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Software firm TinderBox relocating to Monument Circle

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Software firm TinderBox Inc. will leave its increasingly cramped quarters in the Meridian-Kessler neighborhood and stretch out into a pricier seventh-floor perch over Monument Circle on Aug. 1.

Company president and co-founder Dustin Sapp expects the new 8,800-square-foot headquarters in the Lacy Building, 54 Monument Circle, to boost the three-year-old firm’s profile and help recruit employees as the company pursues plans to hire nearly 100 people over the next few years.

The move to the center of the city will place TinderBox near major clients and some of the Indianapolis technology industry’s biggest companies, such as ExactTarget Inc. and Angie’s List Inc.

TinderBox will move out of its 1,400-square-foot offices at 5255 Winthrop Ave., which is home to Developer Town, a tech startup incubator. The move downtown was a must as TinderBox grows from its current 30 employees.

“You try finding 100 parking spaces in Broad Ripple,” Sapp said with a laugh.

Sapp started the company with Kristian Andersen and Mike Fitzgerald in 2010 by pooling their savings with $150,000 from angel investors. Andersen runs design consultancy Kristian Andersen and Associates, and Fitzgerald is executive vice president for corporate development at ExactTarget.

TinderBox provides solutions for managing, tracking, streamlining and automating sales proposals, presentations and contracts. The three men, who have started multiple tech companies in Indianapolis, came up with the idea for TinderBox after encountering pains in their own ventures with sales proposals.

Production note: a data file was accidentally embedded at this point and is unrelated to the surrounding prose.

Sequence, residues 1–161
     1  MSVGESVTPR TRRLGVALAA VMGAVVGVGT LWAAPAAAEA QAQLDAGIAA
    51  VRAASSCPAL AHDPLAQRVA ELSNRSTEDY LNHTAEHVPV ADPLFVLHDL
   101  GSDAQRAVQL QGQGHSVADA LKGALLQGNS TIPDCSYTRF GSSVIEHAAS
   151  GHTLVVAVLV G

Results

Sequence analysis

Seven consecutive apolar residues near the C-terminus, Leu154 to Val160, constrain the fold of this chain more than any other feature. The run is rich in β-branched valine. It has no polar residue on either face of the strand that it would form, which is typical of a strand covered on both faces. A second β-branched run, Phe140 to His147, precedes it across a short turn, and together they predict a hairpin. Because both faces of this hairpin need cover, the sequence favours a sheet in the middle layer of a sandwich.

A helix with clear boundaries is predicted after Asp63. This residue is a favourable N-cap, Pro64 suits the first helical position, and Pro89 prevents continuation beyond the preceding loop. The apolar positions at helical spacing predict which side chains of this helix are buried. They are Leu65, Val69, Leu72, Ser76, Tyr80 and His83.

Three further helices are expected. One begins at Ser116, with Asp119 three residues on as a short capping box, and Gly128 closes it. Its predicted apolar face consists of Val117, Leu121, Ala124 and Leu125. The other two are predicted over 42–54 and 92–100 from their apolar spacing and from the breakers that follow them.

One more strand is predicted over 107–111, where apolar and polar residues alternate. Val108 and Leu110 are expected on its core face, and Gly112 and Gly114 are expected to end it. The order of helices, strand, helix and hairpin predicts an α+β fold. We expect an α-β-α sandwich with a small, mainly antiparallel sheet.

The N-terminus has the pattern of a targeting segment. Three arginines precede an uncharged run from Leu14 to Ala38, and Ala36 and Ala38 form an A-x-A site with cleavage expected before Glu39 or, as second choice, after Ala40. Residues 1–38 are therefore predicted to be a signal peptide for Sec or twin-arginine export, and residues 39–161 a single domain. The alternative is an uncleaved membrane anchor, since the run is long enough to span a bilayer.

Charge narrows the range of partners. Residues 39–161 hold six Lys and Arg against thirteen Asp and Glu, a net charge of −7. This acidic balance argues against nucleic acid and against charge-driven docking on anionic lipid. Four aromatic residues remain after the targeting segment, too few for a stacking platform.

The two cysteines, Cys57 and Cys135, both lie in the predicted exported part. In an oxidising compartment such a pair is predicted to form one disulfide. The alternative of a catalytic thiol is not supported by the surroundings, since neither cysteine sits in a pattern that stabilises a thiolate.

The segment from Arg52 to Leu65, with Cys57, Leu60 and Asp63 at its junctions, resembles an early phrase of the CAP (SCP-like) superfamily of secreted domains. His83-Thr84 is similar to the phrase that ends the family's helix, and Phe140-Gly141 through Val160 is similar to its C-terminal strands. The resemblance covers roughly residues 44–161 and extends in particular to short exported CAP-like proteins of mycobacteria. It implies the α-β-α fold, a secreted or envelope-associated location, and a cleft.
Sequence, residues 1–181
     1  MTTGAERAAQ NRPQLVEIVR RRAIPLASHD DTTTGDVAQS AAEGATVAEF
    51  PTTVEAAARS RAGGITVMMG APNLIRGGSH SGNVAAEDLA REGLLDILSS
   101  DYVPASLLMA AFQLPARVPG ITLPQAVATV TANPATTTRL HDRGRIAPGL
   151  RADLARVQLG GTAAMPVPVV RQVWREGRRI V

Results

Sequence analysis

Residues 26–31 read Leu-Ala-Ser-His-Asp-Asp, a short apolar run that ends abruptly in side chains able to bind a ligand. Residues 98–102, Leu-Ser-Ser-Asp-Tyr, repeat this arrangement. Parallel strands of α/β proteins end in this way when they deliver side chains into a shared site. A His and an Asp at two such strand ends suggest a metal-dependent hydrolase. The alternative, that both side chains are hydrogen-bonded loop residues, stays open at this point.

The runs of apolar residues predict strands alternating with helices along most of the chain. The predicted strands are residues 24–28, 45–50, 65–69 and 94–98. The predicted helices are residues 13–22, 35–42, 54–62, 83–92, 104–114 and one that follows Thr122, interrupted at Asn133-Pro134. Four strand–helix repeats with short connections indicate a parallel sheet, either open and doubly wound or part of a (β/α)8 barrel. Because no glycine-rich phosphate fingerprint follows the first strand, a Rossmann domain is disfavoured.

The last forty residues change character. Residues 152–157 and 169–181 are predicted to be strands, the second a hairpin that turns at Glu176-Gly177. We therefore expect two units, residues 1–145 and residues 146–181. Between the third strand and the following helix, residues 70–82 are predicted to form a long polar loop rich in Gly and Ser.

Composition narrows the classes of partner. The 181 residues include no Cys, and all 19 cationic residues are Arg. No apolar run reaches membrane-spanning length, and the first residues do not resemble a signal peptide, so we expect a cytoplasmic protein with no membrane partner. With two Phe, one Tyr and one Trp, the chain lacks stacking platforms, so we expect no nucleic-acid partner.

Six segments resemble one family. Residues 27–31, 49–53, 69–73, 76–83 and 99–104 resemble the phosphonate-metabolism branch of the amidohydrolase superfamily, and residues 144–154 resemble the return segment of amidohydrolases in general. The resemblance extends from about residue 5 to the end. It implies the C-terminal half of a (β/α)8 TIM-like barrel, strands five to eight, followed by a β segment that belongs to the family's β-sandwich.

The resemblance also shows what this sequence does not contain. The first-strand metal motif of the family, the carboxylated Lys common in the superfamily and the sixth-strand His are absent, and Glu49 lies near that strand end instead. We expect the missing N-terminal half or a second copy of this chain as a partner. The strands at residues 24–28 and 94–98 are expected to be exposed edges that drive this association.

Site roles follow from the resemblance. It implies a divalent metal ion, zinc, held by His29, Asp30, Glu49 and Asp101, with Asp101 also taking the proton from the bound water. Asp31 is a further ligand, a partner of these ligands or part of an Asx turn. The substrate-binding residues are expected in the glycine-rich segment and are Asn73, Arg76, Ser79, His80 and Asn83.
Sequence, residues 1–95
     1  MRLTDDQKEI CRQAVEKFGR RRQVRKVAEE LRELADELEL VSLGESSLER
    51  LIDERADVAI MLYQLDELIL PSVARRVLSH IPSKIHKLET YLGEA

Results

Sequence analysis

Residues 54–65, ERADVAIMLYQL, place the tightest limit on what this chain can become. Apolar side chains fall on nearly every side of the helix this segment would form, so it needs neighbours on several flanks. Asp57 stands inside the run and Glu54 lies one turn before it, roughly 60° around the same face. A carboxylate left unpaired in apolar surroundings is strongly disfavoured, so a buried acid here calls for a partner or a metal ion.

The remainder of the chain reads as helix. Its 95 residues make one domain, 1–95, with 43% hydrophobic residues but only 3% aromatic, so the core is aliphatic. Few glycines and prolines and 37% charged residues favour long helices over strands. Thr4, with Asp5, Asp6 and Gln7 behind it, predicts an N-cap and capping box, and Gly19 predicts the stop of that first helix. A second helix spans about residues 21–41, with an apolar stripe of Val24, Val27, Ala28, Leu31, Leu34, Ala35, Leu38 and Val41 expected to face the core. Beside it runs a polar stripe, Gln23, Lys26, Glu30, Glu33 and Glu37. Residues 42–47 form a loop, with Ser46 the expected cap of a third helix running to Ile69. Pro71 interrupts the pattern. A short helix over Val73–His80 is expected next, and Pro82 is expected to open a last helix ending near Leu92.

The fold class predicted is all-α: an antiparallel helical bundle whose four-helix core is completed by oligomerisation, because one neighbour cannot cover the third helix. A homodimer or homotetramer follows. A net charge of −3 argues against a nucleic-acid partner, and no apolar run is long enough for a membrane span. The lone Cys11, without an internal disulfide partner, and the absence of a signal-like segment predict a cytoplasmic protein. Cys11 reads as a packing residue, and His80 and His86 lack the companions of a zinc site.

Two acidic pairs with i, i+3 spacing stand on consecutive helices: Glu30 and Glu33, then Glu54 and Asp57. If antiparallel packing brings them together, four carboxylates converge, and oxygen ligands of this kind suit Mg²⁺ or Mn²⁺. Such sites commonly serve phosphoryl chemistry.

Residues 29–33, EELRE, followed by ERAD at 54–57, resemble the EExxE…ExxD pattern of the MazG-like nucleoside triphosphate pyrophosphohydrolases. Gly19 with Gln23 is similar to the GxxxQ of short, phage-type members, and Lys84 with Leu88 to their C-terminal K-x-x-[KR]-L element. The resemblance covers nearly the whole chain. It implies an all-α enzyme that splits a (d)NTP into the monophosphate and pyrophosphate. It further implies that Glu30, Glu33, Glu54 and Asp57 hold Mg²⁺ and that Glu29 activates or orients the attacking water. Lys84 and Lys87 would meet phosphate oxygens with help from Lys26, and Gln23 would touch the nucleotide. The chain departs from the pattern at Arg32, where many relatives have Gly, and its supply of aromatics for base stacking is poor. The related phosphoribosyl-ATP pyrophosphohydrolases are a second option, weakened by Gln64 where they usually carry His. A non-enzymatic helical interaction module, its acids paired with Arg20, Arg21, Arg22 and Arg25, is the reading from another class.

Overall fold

Investors have thrown their support into the business.

In February, TinderBox secured $1.3 million from Gravity Ventures and Halo Capital Group in Indianapolis, as well as FundersClub, a San Francisco-based online network, and other investors.

The Indiana Economic Development Corp. announced in March that it would provide up to $1.4 million in performance-based tax credits to TinderBox in exchange for investing $540,000 and hiring 95 people by 2016.

Moving downtown will mean higher rent for the young company.

Building owner Lacy Diversified Industries Ltd. was asking $19.50 per square foot annually, or about $172,000 a year, for the TinderBox space, according to a June real estate listing. Sapp declined to disclose how much TinderBox will pay under its lease, which will last more than three years.

He also declined to discuss the private firm’s finances, but said sales have grown every month since the business began.
 

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  1. How can any company that has the cash and other assets be allowed to simply foreclose and not pay the debt? Simon, pay the debt and sell the property yourself. Don't just stiff the bank with the loan and require them to find a buyer.

  2. If you only knew....

  3. The proposal is structured in such a way that a private company (who has competitors in the marketplace) has struck a deal to get "financing" through utility ratepayers via IPL. Competitors to BlueIndy are at disadvantage now. The story isn't "how green can we be" but how creative "financing" through captive ratepayers benefits a company whose proposal should sink or float in the competitive marketplace without customer funding. If it was a great idea there would be financing available. IBJ needs to be doing a story on the utility ratemaking piece of this (which is pretty complicated) but instead it suggests that folks are whining about paying for being green.

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